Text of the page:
Aurizon reviews freight and intermodal as profits plunge


Bottom line takes 88 per cent hit while dividend gets a boost

Aurizon reviews freight and intermodal as profits plunge
Aurizon is reviewing its intermodal business.

 

Rail-focused intermodal firm Aurizon has seen full-year net profit after tax (NPAT) fall 88 per cent to $72 million, mostly due to impairments flagged last month.

The company will hope such impacts will be rare, given revenues only fell 9 per cent, from $3.78 billion to $3.46 billion.

Freight volumes declined 4 million tonnes (mt) or 9 per cent to 40.4mt with bulk volumes down 8 per cent and intermodal volumes down 24 per cent partly due to the CRT disposal.

"Despite a 20 per cent reduction in operating costs over the last two years, a 28 per cent reduction in revenue over the same period has resulted in an EBIT loss for the year, and a performance review is underway to determine options to achieve appropriate risk adjusted returns for both Bulk and Intermodal [segments]," the company says.

The review will be split between the intermodal arm and the Diversified Bulk Freight (DBF) segment, given the differing products, markets and drivers.

For intermodal, review will focus on train service profitability.

The firm sees its value proposition to customers as being redefined with the Enfield facility in Sydney opening new markets in import/export container shuttles and regional trains.

For DBF, it will be the commodity mix and future growth opportunities to be assessed on categories and/or corridors such as minerals, grains, livestock and the north-west of Western Australia.

It expects to continue to progress the implementation of transformation initiatives to deliver lower costs and drive efficiencies.

Twenty‐Foot Equivalent Units (TEU) were flat for the year as they are not impacted by the sale of the CRT Group, which did contribute to the last full-year result, the company notes.

Bulk volumes were impacted by the closure of Clive Palmer’s Queensland Nickel refinery and lower mineral volumes, reflecting the challenging commodity price environment, as well as lower agricultural throughput, particularly wheat and livestock.

Freight revenue per net tonnes per kilometre declined 16 per cent due to the impact of lower transport service contract payments from the Queensland government, the sale of CRT and a reduction in fuel revenue and the impact of challenging market conditions on customer health and new contract pricing.   

"While conditions in the Queensland market remain difficult there was solid growth through the Melbourne to Brisbane rail corridor, with volume growth of 9 per cent driven by improvement in customer service and on time performance," the company says.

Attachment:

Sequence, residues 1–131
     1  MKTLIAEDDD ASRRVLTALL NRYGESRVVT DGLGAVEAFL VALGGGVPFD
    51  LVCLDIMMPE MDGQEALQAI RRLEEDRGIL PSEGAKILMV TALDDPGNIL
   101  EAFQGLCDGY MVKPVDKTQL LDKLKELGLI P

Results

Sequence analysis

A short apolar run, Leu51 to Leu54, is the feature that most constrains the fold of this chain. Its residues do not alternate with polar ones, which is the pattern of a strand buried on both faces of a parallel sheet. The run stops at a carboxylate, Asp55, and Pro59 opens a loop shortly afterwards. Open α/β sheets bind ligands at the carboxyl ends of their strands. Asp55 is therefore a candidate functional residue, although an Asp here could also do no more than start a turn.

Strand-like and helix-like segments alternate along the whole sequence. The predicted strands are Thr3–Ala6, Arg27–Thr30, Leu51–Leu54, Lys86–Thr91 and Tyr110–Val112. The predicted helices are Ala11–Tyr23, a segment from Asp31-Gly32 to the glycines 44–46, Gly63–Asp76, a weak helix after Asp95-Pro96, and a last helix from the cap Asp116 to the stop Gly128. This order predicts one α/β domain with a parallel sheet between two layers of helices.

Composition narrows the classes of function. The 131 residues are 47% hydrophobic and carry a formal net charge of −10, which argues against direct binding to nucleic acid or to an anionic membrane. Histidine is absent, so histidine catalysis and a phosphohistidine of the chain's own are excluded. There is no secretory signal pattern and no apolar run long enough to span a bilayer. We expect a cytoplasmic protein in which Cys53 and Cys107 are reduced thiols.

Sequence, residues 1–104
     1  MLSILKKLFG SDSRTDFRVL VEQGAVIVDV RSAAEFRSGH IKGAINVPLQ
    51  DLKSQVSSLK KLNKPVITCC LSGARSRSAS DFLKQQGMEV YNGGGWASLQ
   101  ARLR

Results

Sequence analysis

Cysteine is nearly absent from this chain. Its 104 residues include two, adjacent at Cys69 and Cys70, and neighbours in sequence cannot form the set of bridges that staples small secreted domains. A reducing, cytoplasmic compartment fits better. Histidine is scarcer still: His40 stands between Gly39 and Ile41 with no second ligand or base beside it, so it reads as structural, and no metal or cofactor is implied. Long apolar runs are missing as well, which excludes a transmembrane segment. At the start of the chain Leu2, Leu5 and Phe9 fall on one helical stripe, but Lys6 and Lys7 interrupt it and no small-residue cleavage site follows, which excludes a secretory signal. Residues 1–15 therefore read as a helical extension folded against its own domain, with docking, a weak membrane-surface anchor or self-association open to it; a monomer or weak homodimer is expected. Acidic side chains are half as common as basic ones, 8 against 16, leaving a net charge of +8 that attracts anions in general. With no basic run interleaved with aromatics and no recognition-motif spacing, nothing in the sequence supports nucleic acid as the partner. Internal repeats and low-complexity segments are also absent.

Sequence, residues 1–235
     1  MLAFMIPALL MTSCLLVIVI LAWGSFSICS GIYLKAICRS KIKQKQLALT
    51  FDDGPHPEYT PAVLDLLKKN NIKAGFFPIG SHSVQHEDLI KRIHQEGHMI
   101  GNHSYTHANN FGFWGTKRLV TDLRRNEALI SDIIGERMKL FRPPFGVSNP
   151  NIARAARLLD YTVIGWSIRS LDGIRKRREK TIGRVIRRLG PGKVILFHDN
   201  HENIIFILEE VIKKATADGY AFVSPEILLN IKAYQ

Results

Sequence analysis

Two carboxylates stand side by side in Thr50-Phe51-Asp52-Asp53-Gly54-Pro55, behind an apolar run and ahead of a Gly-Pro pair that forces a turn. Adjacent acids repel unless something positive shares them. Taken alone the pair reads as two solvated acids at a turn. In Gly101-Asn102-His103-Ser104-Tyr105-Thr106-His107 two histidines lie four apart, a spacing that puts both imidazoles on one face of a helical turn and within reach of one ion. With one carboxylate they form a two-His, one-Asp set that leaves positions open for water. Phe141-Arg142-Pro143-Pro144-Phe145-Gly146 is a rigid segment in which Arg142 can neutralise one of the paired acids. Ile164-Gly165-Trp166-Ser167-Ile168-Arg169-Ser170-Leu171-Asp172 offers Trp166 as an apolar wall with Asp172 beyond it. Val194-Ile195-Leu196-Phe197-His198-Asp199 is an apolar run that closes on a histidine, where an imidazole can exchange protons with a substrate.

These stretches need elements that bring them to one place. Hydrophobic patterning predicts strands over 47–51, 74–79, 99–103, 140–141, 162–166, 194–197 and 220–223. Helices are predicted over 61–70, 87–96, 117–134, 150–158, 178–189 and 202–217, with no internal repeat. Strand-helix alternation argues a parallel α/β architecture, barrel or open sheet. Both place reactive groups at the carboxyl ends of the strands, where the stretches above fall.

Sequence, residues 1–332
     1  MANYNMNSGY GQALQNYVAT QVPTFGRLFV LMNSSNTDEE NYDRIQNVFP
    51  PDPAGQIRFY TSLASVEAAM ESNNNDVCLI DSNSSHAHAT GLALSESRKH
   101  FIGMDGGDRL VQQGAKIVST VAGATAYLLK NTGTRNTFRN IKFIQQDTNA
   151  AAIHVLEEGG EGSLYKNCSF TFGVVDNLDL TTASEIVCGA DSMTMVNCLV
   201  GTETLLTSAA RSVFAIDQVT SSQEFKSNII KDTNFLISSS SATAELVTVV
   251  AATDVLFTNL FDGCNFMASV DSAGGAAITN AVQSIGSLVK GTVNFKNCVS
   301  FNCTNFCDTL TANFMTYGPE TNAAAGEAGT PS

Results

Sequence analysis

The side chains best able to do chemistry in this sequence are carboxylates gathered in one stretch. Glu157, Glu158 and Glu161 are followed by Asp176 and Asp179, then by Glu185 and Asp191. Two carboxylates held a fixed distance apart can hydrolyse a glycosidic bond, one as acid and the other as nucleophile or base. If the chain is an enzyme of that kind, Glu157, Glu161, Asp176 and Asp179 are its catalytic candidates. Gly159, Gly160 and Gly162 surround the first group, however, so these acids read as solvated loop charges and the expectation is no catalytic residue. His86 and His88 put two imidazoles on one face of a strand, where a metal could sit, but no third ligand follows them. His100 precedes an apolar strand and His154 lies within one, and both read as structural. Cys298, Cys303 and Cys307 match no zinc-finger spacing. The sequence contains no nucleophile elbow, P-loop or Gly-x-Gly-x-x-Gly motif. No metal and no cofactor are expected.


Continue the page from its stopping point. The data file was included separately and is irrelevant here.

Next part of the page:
Fuel consumption improved by 3 per cent through driver behaviour programs – supported by improved data and analytics, such driver assist and driver methodology programs – and technology improvements such as trip optimiser technology.

"It was a challenging year for the Company and our customers, with volumes and revenue under pressure in our above rail businesses, particularly in Freight, however we’ve seen a stabilisation in Coal volumes in the second half, with relatively resilient earnings for the year in a lower volume environment," Aurizon MD and CEO Lance Hockridgesays.

"Transformation continues to be the major driver of earnings growth, with $131 million delivered this year, along with an uplift in EBIT from the below-rail Network business.

"We have increased confidence in our ability to deliver an additional $250 million in cost reductions and productivity improvements to take $380 million out of our cost base for the three years to FY18.

"If achieved, that would mean a reduction of more than $630 million in our cost base over a five-year period.

"A number of substantial initiatives have been recently commenced including a new regional model for Operations, improved alignment of train crew and maintenance workers to long term demand, the outsourcing of non-core maintenance activities, and the continued consolidation of corporate support functions.

"For the second consecutive year, the board has allocated 100 per cent of underlying NPAT to dividends for shareholders.

"With the company’s capital expenditure requirements reducing over the next two years, an increase in free cash flow growth will enable us to continue to deliver distributions to shareholders, even in an environment of low earnings growth."

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